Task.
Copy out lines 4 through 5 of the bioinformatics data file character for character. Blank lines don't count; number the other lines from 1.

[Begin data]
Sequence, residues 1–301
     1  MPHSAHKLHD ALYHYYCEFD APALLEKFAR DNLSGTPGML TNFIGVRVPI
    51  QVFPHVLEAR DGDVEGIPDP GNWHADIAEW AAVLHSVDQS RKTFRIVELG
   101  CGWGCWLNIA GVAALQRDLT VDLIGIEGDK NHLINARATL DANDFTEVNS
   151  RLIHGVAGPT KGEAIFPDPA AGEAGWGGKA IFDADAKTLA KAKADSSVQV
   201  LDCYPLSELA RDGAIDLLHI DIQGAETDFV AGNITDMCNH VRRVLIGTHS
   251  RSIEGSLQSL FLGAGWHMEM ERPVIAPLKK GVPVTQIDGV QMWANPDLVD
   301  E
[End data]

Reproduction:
   101  CGWGCWLNIA GVAALQRDLT VDLIGIEGDK NHLINARATL DANDFTEVNS
   151  RLIHGVAGPT KGEAIFPDPA AGEAGWGGKA IFDADAKTLA KAKADSSVQV